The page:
• At three points towards the end of the book the author relates that his former teachers – upon meeting him as a adult – tell him “you are not autistic”. The reasoning they provide for this is that he was able to run “the conversation from start to finish”. It is unclear – until the very end of the book – whether or not this is a joke (it was in fact a joke – I think…). The point, however, is that Nazeer does not appear outwardly autistic to his former teachers. Not appearing autistic is conflated with not in fact being autistic. This game of teasing that the teachers indulge in, of judging whether he still appears/is autistic, is deemed to be an entirely appropriate one. It is also rather sickening that it is deemed to be the domain of the teachers (the so-called autism experts who, as it happens, barely know him as an adult at all) to determine this fact about him (surely Nazeer knows himself best?). The all-too-clear message is one of “congratulations, you no longer appear autistic, this is such a good thing we can all feel proud of”, whilst presuming that this means Nazeer barely is autistic anymore. In his own words: “I got better”.

  • Clearly, the author is still autistic. That’s just how autism works given that, you know, it’s an actual neurotype and not, in fact, some sort of disease. It is also clear from the author’s descriptions of his internal experiences that he is still autistic (not that we need proof of this, because of the aforementioned fact). It is also evidently clear that he goes to quite some length towards masking his autism, for instance, describing at several junctures how he employs social scripts or makes an effort to suppress his stimming whilst meeting with his former teachers. This, along with other learned coping strategies (perhaps with their roots in the early intervention he received) is why he doesn’t appear outwardly autistic. The whole thing is just rather ludicrous and tragic.

  • The author wants to seek the feedback of his former teachers about his observations (mainly about the other people) that feature in the book (which he is in the process of writing). They say there is no need: his observations are the ones that matter. This is all well and good. But then they imply that being autistic would diminish the quality of his observations, before jokingly remarking that “he isn’t [autistic] anymore” so “don’t worry about that”.


To conclude:

Now that I’ve actually collected most of the problematic statements in one place, I have to say that the impact of it all is more evident to me now than when I was actually reading the book. I think I’d like to conclude that this book borders on saying some truly shocking and repellent things about autism and autistic people (and, in truth, crosses and far surpasses that border). Most of these statements are not only completely inaccurate and misleading, but reinforce the dehumanisation and alienation of autistic people by our society.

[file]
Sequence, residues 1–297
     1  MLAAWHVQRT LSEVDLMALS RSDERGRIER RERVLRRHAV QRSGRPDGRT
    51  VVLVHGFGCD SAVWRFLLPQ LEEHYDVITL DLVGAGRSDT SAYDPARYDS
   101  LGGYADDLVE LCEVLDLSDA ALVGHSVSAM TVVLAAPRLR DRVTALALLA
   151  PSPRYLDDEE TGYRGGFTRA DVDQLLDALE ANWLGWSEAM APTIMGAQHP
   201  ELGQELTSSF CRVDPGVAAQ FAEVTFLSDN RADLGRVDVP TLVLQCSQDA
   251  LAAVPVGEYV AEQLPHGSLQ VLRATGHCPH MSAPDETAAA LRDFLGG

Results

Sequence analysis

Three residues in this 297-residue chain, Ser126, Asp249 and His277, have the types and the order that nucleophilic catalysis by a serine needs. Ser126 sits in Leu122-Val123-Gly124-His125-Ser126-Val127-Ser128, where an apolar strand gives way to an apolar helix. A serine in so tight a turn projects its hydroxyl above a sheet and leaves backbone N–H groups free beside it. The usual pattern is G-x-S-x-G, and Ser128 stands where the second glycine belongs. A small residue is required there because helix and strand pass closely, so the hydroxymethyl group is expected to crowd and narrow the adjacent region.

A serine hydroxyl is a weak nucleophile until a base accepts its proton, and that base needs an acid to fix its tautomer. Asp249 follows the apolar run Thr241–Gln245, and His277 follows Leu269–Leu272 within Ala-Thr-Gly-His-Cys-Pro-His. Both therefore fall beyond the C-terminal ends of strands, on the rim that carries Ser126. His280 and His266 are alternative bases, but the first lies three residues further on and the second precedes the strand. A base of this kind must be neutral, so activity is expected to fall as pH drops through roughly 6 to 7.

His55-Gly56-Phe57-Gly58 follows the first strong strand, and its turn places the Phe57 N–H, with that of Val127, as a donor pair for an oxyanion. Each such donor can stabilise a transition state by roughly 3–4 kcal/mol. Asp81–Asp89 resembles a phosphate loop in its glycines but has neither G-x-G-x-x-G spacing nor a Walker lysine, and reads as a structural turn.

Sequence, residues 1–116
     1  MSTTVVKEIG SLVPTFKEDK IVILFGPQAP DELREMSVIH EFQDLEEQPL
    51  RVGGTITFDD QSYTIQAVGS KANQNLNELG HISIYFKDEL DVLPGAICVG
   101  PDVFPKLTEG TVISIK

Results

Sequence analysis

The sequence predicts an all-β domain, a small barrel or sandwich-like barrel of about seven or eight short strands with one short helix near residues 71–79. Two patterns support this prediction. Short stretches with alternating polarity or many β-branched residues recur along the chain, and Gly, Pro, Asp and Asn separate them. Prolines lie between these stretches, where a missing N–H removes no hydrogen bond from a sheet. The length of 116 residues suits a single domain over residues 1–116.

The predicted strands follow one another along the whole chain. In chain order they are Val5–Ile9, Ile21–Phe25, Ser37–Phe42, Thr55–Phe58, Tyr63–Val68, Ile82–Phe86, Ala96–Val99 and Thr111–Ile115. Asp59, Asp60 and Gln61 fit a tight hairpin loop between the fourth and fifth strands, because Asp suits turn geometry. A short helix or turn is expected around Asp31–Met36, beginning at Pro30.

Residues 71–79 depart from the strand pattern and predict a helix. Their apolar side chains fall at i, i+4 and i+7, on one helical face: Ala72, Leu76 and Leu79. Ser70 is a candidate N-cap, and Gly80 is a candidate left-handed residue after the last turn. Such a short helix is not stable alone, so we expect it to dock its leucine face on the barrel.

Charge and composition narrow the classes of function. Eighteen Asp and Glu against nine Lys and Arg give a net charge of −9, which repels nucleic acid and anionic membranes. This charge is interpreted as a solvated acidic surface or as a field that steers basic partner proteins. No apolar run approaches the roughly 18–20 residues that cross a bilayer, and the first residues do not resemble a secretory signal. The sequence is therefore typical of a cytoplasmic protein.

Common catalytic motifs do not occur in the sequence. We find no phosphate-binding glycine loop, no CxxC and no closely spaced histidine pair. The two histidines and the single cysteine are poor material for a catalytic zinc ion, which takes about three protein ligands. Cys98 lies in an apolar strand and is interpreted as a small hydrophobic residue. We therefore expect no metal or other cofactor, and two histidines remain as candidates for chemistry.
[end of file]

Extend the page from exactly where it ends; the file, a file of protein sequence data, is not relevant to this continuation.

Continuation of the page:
This book, I think, is notable not only for its misrepresentation and ableism around autism (there are, after all, plenty of books like this), but also for the fact it is an autistic-authored account of such things. It serves as a reminder that autistic people are not immune to false or prejudiced and even downright repellent sentiments regarding autism. We are just as capable as anyone else of internalising prejudice of any kind from our society’s culture – including against our own kind. It is simply especially sad, I find, that these words are coming from an autistic person. Should we, as autistic people, know better? Can we be blamed? Who is to be held accountable? If not individuals, then society? If society, then what of individuals? We all need to take personal responsibility, regardless of neurotype. Being autistic does not give us a free pass or excuse to hold and propagate misleading, outdated or dehumanising views about autism (or anything else). We are to be held to the same standards as everyone else. We are subject to the same forces.

The book ends with the sentence: “The Idiots don’t need to be sent anywhere. We’re in the right place”. Perhaps so. I don’t know whether the author has progressed in his views in the intervening years since the book’s release. But, if not, perhaps he could consider taking an educational tour around the online autistic community. It’s evidently clear we need to “send in the (real) experts”.